By Sabina Mollot
A group of tenants from around the city are hoping to intervene in a lawsuit that was filed in July aimed at stopping the rent freeze authorized a month earlier by the Rent Guidelines Board.
That lawsuit was filed by the Rent Stabilization Association, an organization that represents around 25,000 landlords in New York City.
On Tuesday morning, the tenant group announced its intention to fight the litigation at a rally held at Foley Square, near the courthouses. The group, dubbed the Rent Justice Coalition, includes tenant and civic groups from around the city with legal representation by Legal Aid Society, Goddard Riverside and the Urban Justice Center.
Event organizer Larry Wood of Goddard Riverside told the crowd of tenants and activists, “The RSA says the Rent Guidelines Board used criteria they shouldn’t have. The RSA claims tenant affordability shouldn’t have been considered. It’s outrageous to say they’re not supposed to think about tenant hardship.”
The suit had argued that the issue of affordability shouldn’t be handled by the RGB, but by government-sponsored rent relief subsidies.
Wood went on to slam the RSA’s litigation as “a political stunt.
“We know all the data called for a rollback,” he said. “Landlords were getting much higher increases than what the data supported the last years of the Bloomberg administration. We made a good argument for a rent rollback but we didn’t get it, but we did get a freeze. Landlords weren’t happy about that.”
One of the attorneys, Robert Desir of the Legal Aid Society, also defended the RGB’s decision to issue a rent freeze. “We think there’s plenty of room (within the law) to consider tenant affordability.” He and Harvey Epstein, an Urban Justice attorney who’s also one of two tenant members on the Rent Guidelines Board, said they thought the RSA’s litigation was without merit.
Also offering words of support for tenants was City Council Member Ben Kallos.
Kallos told tenants, “This is a really bad year to be challenging a rent freeze because this year (landlords’) costs went down. I hope a judge looks at this and gives us a rollback.”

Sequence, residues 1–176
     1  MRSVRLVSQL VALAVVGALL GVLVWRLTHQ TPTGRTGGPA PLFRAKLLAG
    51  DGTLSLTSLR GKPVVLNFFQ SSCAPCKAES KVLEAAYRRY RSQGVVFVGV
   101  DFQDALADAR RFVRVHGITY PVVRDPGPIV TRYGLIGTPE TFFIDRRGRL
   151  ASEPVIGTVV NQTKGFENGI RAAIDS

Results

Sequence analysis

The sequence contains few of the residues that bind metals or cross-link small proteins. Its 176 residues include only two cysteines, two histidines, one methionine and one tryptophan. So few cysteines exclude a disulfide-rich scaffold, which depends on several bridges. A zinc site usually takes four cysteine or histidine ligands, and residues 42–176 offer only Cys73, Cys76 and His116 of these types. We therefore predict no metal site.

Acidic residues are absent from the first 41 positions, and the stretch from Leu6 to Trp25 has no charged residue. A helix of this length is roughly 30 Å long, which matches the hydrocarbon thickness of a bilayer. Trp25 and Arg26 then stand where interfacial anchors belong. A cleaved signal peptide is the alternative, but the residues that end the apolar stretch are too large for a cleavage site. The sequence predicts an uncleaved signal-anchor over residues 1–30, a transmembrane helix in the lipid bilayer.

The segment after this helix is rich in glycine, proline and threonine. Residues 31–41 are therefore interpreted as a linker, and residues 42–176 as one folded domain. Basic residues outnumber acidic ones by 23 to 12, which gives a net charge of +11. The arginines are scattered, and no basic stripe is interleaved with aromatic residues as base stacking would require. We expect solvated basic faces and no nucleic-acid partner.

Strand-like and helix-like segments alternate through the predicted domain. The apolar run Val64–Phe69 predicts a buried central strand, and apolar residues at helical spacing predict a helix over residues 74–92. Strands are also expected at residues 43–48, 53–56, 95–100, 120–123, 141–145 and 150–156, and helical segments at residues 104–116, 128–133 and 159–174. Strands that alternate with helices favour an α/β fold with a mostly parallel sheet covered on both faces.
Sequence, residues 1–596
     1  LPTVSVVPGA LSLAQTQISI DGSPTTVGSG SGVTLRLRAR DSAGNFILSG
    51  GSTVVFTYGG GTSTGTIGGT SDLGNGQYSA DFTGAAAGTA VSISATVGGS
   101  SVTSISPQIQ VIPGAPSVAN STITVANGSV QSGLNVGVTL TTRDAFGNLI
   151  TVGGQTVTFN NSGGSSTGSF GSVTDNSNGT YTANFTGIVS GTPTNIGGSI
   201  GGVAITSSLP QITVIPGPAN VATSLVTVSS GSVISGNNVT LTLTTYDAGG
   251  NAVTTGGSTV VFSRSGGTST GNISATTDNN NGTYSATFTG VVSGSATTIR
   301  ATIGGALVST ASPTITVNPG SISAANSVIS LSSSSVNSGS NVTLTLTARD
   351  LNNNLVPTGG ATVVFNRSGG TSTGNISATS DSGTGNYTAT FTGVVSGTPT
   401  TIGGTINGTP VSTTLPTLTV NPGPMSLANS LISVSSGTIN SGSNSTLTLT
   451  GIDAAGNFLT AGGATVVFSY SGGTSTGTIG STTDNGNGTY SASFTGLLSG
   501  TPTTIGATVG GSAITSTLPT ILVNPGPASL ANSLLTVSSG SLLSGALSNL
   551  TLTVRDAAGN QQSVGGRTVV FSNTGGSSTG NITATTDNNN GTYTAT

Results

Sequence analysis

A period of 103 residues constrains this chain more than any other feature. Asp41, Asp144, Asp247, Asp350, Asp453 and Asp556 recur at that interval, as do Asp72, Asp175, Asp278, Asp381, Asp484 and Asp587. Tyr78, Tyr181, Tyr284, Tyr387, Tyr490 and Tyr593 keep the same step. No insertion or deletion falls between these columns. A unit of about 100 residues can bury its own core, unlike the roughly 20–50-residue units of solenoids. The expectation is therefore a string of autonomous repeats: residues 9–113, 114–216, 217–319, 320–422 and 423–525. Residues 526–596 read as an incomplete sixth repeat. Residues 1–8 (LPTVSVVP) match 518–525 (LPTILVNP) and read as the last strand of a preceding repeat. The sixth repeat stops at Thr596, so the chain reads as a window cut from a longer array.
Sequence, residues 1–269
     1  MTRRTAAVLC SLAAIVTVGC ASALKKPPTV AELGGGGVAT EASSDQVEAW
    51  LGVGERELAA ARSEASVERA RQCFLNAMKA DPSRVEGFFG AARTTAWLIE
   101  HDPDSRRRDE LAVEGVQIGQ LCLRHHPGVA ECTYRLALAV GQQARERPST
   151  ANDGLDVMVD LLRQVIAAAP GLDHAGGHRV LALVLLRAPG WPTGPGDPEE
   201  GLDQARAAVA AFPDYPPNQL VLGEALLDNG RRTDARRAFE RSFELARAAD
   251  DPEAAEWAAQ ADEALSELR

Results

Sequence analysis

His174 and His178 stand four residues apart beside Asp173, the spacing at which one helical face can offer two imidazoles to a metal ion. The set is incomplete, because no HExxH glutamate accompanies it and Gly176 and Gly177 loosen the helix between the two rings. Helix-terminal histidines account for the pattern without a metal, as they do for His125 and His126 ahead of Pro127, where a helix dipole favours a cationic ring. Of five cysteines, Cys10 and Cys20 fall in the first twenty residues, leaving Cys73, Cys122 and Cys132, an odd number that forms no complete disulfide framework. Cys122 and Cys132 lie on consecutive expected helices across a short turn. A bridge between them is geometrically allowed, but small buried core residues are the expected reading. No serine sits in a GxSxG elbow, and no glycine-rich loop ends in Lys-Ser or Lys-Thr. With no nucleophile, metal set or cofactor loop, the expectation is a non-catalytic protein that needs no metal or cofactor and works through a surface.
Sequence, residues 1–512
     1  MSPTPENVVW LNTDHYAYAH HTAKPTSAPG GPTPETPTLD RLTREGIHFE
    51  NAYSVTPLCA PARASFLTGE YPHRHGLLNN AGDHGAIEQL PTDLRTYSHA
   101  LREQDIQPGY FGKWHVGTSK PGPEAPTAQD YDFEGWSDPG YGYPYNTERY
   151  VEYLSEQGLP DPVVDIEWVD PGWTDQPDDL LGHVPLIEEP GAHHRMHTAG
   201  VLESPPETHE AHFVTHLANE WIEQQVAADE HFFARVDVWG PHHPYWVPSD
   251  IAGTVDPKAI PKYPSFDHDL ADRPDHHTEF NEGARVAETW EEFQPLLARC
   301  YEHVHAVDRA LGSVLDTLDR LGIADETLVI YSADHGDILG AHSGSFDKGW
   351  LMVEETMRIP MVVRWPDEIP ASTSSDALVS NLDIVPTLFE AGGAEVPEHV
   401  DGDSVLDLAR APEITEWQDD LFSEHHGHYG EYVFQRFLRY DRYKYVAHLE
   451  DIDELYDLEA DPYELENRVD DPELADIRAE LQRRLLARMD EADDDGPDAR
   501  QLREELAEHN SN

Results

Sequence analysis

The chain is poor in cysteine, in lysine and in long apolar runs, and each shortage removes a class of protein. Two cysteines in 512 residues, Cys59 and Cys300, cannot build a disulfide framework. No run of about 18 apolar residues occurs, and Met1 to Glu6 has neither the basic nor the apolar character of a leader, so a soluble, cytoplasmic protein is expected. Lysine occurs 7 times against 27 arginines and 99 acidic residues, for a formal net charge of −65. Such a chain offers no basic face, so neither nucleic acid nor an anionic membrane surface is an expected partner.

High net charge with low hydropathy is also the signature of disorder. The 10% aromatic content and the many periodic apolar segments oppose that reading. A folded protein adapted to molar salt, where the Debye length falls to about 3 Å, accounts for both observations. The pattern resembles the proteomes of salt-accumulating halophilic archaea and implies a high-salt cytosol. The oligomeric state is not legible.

A few tenants spoke about gentrification and not being able to afford climbing rents as working people or retirees.
One woman from the Bronx, Martina Rivera, who was there with the group CASA, said she was paying $1,200 for an apartment in the Bronx.
“I used to live in Manhattan but they raised my rent and I had to move from Manhattan,” she said. “If they increase my rent again where am I going to go? I pay $1,200 by myself and I live with my son who’s autistic. This is why we need a rent freeze.”
Stuyvesant Town-Peter Cooper Village Tenants Association Vice President Anne Greenberg said she was there out of concern for neighbors, in particular seniors living on fixed incomes.
“It’s an important issue for many of our tenants who can’t afford not to have a rent freeze this year,” Greenberg said. “Especially now that we’re going to get hit with more MCIs (major capital increases).”
Around 30 people attended the event, keeping their distance from a courthouse across the street, where “Law & Order: Special Victims Unit” was filming an episode.
In response to the coalition’s announcement that they’d be filing a motion of intervention, the RSA said it was the RGB’s rent freeze that was the politically charged move, not its decision to sue.
“While everyone has the right to voice their opinion, here’s the reality,” said Joseph Strasburg, president of the RSA, in a written statement. “They should be aiming their vitriol at de Blasio and his politically motivated housing agenda. It’s the puppet master pulling the strings of the supposedly independent RGB. Rent freezes choke off the income that landlords need to A) re-invest in their buildings for improvements and repairs that maintain and preserve the city’s existing 1 million affordable rental units, and B) pay annual property tax and water rate increases – revenue that the city uses to hire teachers, police officers and firefighters. Rent freezes are a good ploy for votes, but are bad for tenants, affordable housing and the city.”
Close to 30 organizations are Rent Justice Coalition members, including Good Old Lower East Side, the Met Council on Housing, UHAB, Tenants and Neighbors, Cooper Square Committee and Make the Road New York.